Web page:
During the 1975–76 academic year, Jacques Derrida delivered a seminar, La vie la mort (Life Death), at the École normale supérieure, in Paris. Based on archival translations of this untapped but soon-to-be-published seminar, The Reproduction of Life Death offers an unprecedented study of Derrida’s engagement with molecular biology and genetics, particularly the work of the biologist François Jacob.
Structured as an itinerary of “three rings,” each departing from and coming back to Nietzsche, Derrida’s seminar ties Jacob’s logocentric account of reproduction to the reproductive program of teaching that characterizes the academic institution, challenging this mode of teaching as auto-reproduction along with the concept of “academic freedom” on which it is based. McCance also brings Derrida’s critique of Jacob’s theory of auto-reproduction together with his reading of reproductivity, the tendency to repeat-reproduce, that is theorized and enacted in Freud’s Beyond the Pleasure Principle. The book further shows how Derrida’s account of life death relates to his writings on autobiography and the signature and to such later concerns as the question of the animal.
McCance brings extensive archival research together with a deep knowledge of Derrida’s work a background in genetics to offer a fascinating new account of an encounter between philosophy and the hard sciences that will be of interest to theorists in a wide range of disciplines concerned with the question of life.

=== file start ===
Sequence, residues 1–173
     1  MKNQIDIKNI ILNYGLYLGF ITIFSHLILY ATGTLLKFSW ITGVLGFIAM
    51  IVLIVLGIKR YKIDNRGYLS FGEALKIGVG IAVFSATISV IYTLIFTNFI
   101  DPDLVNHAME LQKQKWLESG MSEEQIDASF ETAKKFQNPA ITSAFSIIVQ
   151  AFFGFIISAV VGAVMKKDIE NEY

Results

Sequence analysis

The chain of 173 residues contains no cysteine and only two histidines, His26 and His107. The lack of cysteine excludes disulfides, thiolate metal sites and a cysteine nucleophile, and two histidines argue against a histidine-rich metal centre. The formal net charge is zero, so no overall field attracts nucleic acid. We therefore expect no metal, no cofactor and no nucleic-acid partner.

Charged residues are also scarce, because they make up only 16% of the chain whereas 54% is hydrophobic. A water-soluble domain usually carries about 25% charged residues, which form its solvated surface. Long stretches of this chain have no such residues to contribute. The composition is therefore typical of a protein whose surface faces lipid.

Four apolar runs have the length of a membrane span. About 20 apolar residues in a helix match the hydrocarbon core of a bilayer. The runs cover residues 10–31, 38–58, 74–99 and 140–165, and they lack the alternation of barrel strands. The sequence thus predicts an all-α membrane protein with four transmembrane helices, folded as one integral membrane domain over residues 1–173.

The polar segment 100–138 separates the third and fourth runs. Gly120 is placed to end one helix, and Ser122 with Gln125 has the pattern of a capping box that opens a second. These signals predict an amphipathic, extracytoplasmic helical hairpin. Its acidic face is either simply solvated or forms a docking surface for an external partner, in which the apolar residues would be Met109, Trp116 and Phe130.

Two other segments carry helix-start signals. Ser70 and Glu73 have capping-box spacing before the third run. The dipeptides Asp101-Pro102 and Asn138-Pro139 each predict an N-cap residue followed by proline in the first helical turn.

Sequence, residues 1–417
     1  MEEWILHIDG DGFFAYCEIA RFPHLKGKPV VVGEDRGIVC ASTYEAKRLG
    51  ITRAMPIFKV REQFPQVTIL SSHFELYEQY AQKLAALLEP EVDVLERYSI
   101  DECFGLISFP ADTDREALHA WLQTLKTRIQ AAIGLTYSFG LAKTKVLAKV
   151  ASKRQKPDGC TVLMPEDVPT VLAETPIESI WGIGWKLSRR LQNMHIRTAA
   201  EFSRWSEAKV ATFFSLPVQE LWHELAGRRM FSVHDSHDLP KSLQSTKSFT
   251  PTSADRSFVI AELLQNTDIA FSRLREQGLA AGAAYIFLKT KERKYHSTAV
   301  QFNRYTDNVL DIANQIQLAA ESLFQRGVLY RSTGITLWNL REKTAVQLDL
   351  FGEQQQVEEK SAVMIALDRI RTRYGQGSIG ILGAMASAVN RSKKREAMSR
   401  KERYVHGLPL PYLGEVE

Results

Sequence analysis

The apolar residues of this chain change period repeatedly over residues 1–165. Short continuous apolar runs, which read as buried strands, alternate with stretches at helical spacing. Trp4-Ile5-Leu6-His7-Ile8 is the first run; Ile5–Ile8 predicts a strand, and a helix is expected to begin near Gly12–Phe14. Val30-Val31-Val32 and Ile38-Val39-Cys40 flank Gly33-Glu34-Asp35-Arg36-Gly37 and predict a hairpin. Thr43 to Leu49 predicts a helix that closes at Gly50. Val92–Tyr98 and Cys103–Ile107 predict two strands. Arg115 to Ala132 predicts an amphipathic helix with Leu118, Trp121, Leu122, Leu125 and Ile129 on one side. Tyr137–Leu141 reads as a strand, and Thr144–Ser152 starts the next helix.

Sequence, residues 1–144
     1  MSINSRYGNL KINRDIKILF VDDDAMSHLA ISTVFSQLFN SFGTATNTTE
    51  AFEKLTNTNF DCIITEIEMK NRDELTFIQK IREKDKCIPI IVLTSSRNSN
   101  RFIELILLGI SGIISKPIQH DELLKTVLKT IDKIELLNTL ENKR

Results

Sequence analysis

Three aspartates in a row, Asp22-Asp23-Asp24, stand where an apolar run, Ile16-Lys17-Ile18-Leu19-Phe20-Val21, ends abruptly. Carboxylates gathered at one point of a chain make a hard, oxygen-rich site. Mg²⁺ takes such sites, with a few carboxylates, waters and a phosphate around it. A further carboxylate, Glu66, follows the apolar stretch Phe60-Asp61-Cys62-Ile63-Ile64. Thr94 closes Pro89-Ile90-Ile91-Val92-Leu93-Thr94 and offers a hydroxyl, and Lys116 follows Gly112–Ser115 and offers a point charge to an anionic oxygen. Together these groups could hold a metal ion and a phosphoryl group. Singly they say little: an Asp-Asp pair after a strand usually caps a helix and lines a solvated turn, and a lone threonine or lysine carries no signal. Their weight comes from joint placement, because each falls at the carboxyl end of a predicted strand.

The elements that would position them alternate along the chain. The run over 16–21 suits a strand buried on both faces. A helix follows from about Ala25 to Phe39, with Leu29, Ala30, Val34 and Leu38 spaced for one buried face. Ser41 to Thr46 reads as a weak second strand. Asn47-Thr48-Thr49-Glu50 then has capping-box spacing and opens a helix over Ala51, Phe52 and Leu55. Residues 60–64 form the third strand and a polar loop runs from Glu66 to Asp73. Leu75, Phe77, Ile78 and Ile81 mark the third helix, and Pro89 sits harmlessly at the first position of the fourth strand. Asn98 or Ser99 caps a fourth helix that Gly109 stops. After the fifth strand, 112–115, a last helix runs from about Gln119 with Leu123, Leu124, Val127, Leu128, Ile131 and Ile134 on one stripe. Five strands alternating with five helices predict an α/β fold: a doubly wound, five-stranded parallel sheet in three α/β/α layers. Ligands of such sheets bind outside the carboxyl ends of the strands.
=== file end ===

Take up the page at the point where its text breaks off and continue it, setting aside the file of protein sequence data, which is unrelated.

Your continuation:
Abbreviations of Works by Jacques Derrida | ix
Introduction | 1
1. Double Helix | 9
2. Schools of Life | 33
3. Institutions of the “Yes” | 51
4. Speaking into a Dead Man’s Ear | 74
5. Life Worth More Than Life | 97
6. The Movement of a Pas | 125
7. Rhythmos | 147
Acknowledgments | 151
Notes | 153
Works Cited | 177
Index | 187
This is a superbly researched, written, and argued book on two of the most important though neglected aspects of Derrida’s work: his reading of biology and his closely related work on academic institutions. It is a work that anyone who is serious about Derrida will want to read and will have to take into account.
Michael Naas, DePaul University
This excellent book allows the reader not only to understand Derrida’s La Vie la mort, but to see how it ties together and grounds a number of his other readings, including some of the most important ones, on death, animals, pedagogy, and science and community.
Allan Stoekl, Pennsylvania State University